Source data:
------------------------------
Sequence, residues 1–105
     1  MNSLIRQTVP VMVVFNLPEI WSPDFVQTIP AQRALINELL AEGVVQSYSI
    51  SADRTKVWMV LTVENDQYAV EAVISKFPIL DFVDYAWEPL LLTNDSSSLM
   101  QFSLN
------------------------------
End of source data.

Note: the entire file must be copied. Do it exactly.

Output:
Sequence, residues 1–105
     1  MNSLIRQTVP VMVVFNLPEI WSPDFVQTIP AQRALINELL AEGVVQSYSI
    51  SADRTKVWMV LTVENDQYAV EAVISKFPIL DFVDYAWEPL LLTNDSSSLM
   101  QFSLN